Legislative Analysis of California Statutes

Legislative analysis of legislative history materials begins with a fundamental rule: to construe or interpret a statute, the court’s primary objective is to determine the legislative intent of the enactment; all other rules of construction yield to this rule. When the text of a statute is unambiguous and provides a clear answer, the courts generally go no further than that text. However, when a statute’s language supports multiple interpretations, then California law permits resort to extrinsic sources to ascertain legislative intent. This includes the legislative history and administrative interpretations of the language.

While laws in California have been enacted in each legislative session since the 1850’s, not many Californians understand the process by which a bill becomes law. For a number of states such as California, the legislative process is accompanied by useful documentation and materials that provide evidence of purpose, intent, rationale, and development of the language of the law in question.

A. Legislative Analysis Materials: Let’s start with the “bill” itself.

In very simple terms, a bill will be introduced by a legislator (author) either for the sake of the author or for an interested stakeholder or a constituent to remedy a problem. By reading each amended version of the bill, you will be able to identify the broad policy framework within which you must analyze any individual section, word, phrase, or clause that might be of interest to you. Each bill is broken out by simple, orderly section references: “Section 1,” “Section 2,” et seq. Your statute will be affected within one of these bill “section” references.

Modern California bills (from 1967 to date) contain a “Legislative Counsel’s Digest,” which provides a brief analysis prepared by the Legislative Counsel’s Office, which functions as the attorneys to the Legislature, within each amended version of the bill.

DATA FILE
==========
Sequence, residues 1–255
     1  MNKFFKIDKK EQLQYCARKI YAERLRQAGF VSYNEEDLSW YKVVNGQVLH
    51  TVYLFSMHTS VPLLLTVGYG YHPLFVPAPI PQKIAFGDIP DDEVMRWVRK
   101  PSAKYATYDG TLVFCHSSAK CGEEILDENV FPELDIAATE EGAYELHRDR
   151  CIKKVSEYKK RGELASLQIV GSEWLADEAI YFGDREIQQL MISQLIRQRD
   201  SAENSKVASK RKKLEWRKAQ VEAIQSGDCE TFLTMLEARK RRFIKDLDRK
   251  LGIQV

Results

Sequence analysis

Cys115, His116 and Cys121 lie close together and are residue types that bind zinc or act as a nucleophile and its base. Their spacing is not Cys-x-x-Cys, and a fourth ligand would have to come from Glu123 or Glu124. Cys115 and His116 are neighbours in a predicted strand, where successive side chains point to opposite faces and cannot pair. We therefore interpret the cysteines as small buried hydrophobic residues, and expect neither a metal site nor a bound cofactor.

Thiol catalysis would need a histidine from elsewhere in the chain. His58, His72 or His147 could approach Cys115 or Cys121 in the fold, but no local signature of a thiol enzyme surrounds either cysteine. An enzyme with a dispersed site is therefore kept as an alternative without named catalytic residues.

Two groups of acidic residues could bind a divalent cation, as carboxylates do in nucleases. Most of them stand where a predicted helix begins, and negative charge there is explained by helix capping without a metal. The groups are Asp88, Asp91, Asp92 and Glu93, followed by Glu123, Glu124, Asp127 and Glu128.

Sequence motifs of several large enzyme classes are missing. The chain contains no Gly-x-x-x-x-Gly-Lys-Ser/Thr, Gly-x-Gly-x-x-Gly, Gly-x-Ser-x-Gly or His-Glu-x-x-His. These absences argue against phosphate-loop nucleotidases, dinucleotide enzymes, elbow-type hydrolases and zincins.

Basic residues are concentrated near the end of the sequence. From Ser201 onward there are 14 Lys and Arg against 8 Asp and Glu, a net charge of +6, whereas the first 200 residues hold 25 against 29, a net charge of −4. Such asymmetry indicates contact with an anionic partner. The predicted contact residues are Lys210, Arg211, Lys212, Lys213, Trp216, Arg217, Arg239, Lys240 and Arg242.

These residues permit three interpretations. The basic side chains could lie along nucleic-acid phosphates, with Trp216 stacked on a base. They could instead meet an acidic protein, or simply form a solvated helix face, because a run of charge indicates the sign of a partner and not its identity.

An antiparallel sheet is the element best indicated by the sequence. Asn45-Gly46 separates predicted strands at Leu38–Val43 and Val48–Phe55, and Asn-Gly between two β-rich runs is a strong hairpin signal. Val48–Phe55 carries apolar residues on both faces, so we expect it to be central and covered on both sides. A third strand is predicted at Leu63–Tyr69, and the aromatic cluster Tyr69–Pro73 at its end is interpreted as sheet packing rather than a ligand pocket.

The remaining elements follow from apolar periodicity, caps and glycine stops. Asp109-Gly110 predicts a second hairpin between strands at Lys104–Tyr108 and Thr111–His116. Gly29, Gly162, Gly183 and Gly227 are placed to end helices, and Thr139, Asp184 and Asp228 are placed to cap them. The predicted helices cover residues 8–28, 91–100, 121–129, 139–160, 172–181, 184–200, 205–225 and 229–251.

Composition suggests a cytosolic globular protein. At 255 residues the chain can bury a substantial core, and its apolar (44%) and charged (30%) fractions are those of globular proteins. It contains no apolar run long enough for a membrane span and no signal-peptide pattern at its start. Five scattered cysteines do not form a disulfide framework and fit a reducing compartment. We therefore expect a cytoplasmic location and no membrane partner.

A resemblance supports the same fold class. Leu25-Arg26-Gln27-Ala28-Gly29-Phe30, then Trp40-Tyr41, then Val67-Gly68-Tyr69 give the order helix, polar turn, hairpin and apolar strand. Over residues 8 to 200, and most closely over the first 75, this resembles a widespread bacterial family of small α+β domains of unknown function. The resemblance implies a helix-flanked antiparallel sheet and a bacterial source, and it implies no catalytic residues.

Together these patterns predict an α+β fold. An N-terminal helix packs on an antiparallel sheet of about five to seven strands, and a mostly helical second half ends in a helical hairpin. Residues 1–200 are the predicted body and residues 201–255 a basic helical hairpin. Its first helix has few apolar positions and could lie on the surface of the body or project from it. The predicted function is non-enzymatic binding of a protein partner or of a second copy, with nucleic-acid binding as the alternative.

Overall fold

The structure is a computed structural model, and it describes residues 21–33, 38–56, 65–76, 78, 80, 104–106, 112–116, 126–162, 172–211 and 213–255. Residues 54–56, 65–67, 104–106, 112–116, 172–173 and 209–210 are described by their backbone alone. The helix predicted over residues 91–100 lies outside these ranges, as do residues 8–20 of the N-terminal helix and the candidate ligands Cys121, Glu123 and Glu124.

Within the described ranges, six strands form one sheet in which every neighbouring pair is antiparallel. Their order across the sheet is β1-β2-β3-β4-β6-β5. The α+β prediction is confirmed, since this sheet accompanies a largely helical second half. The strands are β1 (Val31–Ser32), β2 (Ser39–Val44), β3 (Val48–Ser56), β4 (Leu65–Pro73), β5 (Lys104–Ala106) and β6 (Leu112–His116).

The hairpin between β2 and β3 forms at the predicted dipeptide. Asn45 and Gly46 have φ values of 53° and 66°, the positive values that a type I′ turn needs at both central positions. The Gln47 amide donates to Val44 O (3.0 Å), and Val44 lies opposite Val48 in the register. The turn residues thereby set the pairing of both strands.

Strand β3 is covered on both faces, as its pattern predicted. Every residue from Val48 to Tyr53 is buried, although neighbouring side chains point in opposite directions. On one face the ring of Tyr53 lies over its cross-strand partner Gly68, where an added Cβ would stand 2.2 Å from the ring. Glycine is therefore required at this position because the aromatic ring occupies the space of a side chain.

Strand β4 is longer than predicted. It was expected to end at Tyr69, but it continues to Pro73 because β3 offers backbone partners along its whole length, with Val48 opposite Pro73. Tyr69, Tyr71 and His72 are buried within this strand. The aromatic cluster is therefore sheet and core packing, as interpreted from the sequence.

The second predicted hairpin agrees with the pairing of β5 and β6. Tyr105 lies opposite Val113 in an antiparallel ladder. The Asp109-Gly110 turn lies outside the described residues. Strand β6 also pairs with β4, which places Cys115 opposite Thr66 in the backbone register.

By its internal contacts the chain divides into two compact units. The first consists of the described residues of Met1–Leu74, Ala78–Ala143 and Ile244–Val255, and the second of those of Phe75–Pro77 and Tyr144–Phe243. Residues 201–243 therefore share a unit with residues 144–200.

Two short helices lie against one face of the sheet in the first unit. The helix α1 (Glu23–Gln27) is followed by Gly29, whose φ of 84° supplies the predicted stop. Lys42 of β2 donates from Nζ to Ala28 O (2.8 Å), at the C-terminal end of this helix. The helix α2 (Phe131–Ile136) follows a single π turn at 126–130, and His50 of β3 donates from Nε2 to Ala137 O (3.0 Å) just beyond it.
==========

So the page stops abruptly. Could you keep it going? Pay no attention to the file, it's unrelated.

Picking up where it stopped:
As you read each amended version of the bill for your section and/or your language of focus, legislative analysis requires you need to ask yourself, in which version of the bill does your language first appear? What is the date of that amended version of the bill? If it is language added at the end of the Legislative session (August and September), you may need to consider whether your language was developed in an earlier competitor or failed predecessor bill. For California, this is not an uncommon occurrence and the materials comprising the legislative history of any failed related bill may offer more useful insight regarding the development of specific language that was popped into the enacting bill at the end of the session.

Also, consider the bill overall – your legislative analysis should ask was this a single-section bill? Was this a massive enactment or revision of an area of law? Was this an omnibus bill? Was this a “budget trailer” bill? Each of these considerations will assist your understanding the context within which your language was being affected – in other words, was the enacted bill substantive or nonsubstantive to your statutory language?

It is important to read the beginning and end of each bill for any possible uncodified legislative findings, declarations, statements of intent, and urgency clauses.

Another feature to look for would be double-joining language within the bill. Double-joining is a legislative action taken to connect and then order the amendment of a single code section by more than one bill in the same legislative session. The goal is to avoid text being amended out by the bill “chaptered” last — under California law, the highest chaptered bill will “chapter out” any earlier chaptered measures. If you find double-joining language, you will want to review that double-joined bill to determine whether it originally was substantive to your statute or language of interest.